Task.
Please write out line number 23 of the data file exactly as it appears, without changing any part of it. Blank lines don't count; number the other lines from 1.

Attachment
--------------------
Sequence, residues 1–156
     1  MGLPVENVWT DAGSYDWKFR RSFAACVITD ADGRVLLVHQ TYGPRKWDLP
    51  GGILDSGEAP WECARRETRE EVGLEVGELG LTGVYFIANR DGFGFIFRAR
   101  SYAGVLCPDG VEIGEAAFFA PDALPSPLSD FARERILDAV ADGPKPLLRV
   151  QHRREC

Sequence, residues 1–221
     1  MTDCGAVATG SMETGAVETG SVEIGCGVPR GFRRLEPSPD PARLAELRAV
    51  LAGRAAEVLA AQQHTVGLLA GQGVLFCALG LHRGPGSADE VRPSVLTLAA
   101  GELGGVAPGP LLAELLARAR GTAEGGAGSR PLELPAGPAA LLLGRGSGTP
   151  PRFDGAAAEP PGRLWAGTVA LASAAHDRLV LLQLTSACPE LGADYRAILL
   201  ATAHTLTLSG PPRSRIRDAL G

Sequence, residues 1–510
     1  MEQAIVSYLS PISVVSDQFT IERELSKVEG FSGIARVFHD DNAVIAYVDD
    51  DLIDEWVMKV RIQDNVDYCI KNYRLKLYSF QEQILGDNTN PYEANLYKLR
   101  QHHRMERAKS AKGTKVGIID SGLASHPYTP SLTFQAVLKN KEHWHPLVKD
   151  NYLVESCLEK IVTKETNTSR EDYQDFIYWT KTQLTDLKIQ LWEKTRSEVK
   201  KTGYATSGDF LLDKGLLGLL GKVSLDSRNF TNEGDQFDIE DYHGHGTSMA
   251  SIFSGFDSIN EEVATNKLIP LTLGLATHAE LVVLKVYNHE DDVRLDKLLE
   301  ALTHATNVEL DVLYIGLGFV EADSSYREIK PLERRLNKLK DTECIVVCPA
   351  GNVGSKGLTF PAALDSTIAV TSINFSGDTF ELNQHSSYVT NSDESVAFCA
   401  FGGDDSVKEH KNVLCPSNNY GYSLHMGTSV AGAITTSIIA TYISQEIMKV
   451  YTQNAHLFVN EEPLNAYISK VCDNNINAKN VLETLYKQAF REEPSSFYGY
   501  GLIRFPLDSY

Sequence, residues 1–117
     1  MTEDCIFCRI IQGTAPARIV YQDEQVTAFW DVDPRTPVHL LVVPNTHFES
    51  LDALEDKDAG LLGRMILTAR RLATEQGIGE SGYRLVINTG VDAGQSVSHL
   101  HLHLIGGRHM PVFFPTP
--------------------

   501  GLIRFPLDSY